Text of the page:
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Hotly Anticipated Secure 2.0 Act Corrections Bill Lands in House and Senate

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What You Need to Know

  • It's normal for significant legislation to have technical drafting errors, but the Secure 2.0 Act package included some big ones.
  • One big error, for instance, would inadvertently disallow 401(k) catch-up contributions after 2024.
  • The push is already on to find a piece of must-pass legislation to which to attach the new Secure 2.0 corrections bill.

Two key Congressional committees have released identical discussion drafts of legislation containing Secure 2.0 Act technical corrections and other clarifications.

Late on Wednesday, the Senate Health, Education, Labor and Pensions (HELP) Committee published a discussion draft of key legislation containing technical corrections and other clarifications concerning the Setting Every Community Up for Retirement Enhancement (Secure) 2.0 Act, colloquially known as the Secure 2.0 Act.

Members of the House Committee on Ways and Means also introduced an identical measure Wednesday, and the text of the bicameral discussion draft is now available for public review and comment.

Stakeholders across the financial services and retirement planning industries have been eagerly awaiting introduction of the legislation.

As various experts have stressed in discussions with ThinkAdvisor over the last year and a half, it is normal for big pieces of legislation to contain technical drafting errors, but the Secure 2.0 Act package included some big ones that could be materially disruptive for retirement savers and employers — clearly cutting against Congress’s stated intent.

One big error is found in Section 603 of the law, which is intended to increase pretax “catch-up contributions” for 401(k) plans and individual retirement accounts by 50% for individuals between the ages of 60 and 63.

However, as written, the law would inadvertently disallow catch-up contributions and significantly restrict how the catch-up contribution rules apply to employees who participate in plans of unrelated employers.

Congress’s actual intent in the errant section was to require catch-up contributions for participants whose wages from the employer sponsoring the plan exceeded $145,000 for the preceding year to be made on a Roth basis while permitting other participants to make catch-up contributions on either a pre-tax or a Roth basis, some expert say.

These are among the clarifications included in the new bill.

Fixing RMDs, SIMPLE IRAs, Starter 401(k)s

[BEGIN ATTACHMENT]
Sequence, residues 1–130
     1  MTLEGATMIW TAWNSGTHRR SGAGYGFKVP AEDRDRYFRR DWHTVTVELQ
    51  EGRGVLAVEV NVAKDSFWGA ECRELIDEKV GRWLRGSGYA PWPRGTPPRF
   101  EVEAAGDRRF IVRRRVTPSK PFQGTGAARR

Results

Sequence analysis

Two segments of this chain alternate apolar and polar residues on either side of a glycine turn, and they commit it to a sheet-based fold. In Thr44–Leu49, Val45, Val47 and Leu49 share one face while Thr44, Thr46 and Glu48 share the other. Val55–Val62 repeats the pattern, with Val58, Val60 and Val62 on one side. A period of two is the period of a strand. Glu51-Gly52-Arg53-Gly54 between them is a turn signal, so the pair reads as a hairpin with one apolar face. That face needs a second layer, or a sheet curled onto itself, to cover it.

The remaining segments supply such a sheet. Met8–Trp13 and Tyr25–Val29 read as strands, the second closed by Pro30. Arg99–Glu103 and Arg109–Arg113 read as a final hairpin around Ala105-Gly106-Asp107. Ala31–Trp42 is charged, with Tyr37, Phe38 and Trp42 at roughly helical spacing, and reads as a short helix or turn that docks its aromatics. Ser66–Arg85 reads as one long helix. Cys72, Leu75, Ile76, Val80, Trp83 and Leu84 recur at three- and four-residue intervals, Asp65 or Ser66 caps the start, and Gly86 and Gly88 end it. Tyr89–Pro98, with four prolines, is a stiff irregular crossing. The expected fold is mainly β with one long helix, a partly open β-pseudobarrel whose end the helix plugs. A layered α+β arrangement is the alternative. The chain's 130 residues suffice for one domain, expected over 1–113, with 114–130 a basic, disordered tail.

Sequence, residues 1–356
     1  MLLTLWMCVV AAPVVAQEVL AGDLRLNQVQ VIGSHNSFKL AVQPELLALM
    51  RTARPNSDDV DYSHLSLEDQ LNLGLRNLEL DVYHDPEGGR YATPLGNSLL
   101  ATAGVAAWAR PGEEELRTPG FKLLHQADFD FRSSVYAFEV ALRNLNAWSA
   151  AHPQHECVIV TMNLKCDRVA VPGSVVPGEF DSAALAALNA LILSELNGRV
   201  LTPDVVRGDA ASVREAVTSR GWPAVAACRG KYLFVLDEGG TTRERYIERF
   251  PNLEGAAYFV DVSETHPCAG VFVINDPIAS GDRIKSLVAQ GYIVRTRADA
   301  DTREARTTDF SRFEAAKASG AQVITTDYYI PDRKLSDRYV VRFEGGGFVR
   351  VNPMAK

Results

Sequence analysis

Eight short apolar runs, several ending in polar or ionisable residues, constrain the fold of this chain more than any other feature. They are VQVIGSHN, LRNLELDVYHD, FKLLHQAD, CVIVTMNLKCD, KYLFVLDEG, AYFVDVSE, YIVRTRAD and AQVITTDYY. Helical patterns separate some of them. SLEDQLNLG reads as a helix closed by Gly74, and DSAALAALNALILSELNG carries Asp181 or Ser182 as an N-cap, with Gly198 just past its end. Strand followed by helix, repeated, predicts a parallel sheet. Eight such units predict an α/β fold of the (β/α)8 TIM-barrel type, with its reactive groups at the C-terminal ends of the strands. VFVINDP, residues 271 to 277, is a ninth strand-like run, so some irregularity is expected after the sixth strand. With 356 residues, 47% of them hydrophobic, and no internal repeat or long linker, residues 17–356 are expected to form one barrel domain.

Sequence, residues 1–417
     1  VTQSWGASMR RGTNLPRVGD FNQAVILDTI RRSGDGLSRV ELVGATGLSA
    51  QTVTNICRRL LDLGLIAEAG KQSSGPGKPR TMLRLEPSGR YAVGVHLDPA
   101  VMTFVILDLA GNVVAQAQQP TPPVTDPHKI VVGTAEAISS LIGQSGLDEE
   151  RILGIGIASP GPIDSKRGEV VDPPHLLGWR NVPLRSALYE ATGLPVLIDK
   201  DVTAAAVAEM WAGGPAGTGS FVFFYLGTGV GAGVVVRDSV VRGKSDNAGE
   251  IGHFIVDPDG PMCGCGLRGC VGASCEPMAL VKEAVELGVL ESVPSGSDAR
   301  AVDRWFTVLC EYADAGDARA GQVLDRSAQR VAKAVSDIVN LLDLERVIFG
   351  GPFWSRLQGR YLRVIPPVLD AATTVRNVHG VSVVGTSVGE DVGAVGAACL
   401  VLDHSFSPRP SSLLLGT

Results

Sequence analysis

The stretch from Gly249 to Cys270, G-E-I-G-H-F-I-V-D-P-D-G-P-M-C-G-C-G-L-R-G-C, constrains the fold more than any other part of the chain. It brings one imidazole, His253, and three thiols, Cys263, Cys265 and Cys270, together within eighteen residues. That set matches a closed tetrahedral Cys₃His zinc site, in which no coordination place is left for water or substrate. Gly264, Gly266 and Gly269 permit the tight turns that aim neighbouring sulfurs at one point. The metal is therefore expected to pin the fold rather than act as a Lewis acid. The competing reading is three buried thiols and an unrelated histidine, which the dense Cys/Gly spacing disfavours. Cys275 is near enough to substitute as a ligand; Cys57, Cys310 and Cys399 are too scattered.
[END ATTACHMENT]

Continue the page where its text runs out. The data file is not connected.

Other Secure 2.0 sections addressed in the discussion draft include Section 107, which is designed to allow Americans to further delay required minimum distributions, and Section 601, which is designed to allow SIMPLE IRA and Simplified Employee Pension (SEP) plans to add Roth features.

An issue identified in Section 121 is also addressed, with the discussion draft seeking to fix an inadvertent error that reduced the contribution limit for the new Starter 401(k)s.

Under the draft correction legislation, the contribution limits of the Starter 401(k)/403(b) plans will be the same as the contribution limit for individual retirement accounts IRAs and will be indexed for inflation starting in 2024.

Other corrections are made to Section 110, meant to reaffirm the potential to treat student loan payments as elective deferrals for the purpose of matching contributions in retirement plans, and to Section 125, which improves plan coverage for part-time workers.

What Comes Next

One industry lobbyist who is familiar with the ongoing legislative negotiations told ThinkAdvisor that the push is already on to find a piece of must-pass legislation to which to attach the new Secure 2.0 corrections bill.

Though many in the retirement industry would prefer to see the legislation make it into law this year — thereby allowing the IRS and other regulators enough time to promulgate guiding regulations ahead of important implementation deadlines coded into the Secure 2.0 law — that would be a big lift.

There is simply a very limited number of legislative days remaining in 2023, and there is a bigger need to head off a potential government shutdown that could strike as soon as mid-January if a spending agreement isn’t reached by Democrats and Republicans.

One of the most potentially expeditious pathways for passage would be for the corrections bill to be folded into either of the two big spending packages that will need to be passed sequentially in January and February to keep the federal government open, but it is difficult to say whether that may happen, given the polarized nature of the debate.

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